For the third time in less than two years, Israel has a new prime minister.
When Benjamin Netanyahu was unseated following the 2021 election, Naftali Bennett took on the coveted role, despite his own Yamina party controlling just six seats in Knesset at the time.
Bennett’s partner in the unity coalition, Yair Lapid, was always slated to take the reins midway through the current government’s four-year term.
But, as widely predicted, the government didn’t last nearly that long. In keeping with other terms of the coalition agreements, Bennett stepped down following the dissolution of the 24th Knesset on Thursday, and Lapid was officially named the new prime minister for an interim period until new elections are held on November 1.
Lapid is head of the coalition’s largest party, Yesh Atid (17 seats).
Who is Yair Lapid?
Lapid is the son of noted Holocaust survivor Tommy Lapid, who himself had a long career in Israeli politics, usually as an outspoken opponent of the ultra-Orthodox agenda.
Prior to entering politics himself, Yair was one of Israel’s most popular television talk show hosts, and before that had a successful career in journalism.
In early 2012, just ahead of yet another expected early election, Lapid announced he was leaving television and entering politics. He registered the new party Yesh Atid – “There is a future” – and positioned himself as a political centrist.
For most of his time in Knesset, Lapid and Yesh Atid have been in the opposition. But he did sit in one Netanyahu-led government in which he served as Minister of Finance from 2013-2014.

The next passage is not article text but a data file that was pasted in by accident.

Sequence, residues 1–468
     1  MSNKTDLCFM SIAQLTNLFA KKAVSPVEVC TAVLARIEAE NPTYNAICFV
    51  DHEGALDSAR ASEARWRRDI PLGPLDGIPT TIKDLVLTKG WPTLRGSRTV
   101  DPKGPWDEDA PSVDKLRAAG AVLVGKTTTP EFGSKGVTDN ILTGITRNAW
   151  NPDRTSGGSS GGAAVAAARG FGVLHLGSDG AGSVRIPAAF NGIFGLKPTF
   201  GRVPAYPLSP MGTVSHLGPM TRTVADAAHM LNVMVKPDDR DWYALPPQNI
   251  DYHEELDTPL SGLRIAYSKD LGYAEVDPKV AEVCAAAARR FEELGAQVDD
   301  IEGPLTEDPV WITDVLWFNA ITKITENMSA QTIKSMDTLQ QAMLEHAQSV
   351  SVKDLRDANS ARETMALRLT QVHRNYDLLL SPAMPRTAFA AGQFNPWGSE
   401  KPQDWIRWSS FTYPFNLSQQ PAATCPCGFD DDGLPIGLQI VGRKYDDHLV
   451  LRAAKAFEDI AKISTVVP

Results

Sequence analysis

Where does he stand?
In broad strokes, these are Lapid’s positions on issues that matter to our readers:
Judea and Samaria / Jewish settlements
Lapid has stated in the past that he doesn’t view the current Palestinian leadership as a viable partner, but that he also opposes “occupying” another people.
He believes Israel should “separate” from the Palestinians, presumably by uprooting more Jewish settlements in Judea and Samaria.
Lapid saw the previous Iran nuclear deal brokered under former US President Barack Obama as the least bad of many bad options.
But just this week he firmly condemned European efforts to continue negotiations with the aim of concluding a new, weaker nuclear deal in light of Iran’s gross violations.
Religion and state
While not anti-religious like his father, Lapid is strongly opposed to what he sees as religious coercion in Israel by the Rabbinate and the ultra-Orthodox political parties.
He opposed the so-called “Nation-State Law” that enshrined the Jewish character of Israel in semi-constitutional Basic Law, labeling it a political assault on Israel’s religious and ethnic minorities.
Differences with Bennett
Interestingly, on these major political matters, Lapid and Bennett only fully agreed on the Iran nuclear threat.
Bennett, a religious nationalist, believes it is Israel’s divine mandate to settle Judea and Samaria, the biblical heartland of the Jewish nation. In 2017, Bennett positioned himself even further to the right than Netanyahu by demanding that Israel immediately impose its sovereignty on the so-called “West Bank.”
He also voted in favor of the Nation-State Law and ideologically backs the characterization of Israel as a Jewish state. However, he did belatedly raise concerns over the wording of the law and its perceived marginalization of loyal minorities like the Druze.
Chances in the next election
Polls currently have Lapid’s Yesh Atid party winning 19 seats in the next Knesset, putting it well behind Netanyahu’s Likud, which is forecast to win at least 34 seats.
However, Netanyahu still doesn’t have the support of enough lawmakers on the Right to establish a majority coalition. This could again give Lapid an opportunity to form a mixed anti-Netanyahu coalition, though it would probably survive for an even shorter duration than the current one.
Also of interest to our readers will be the fact that Lapid’s sister-in-law, who he briefly appointed to the board of the Jewish National Fund, is a Messianic Jewish believer.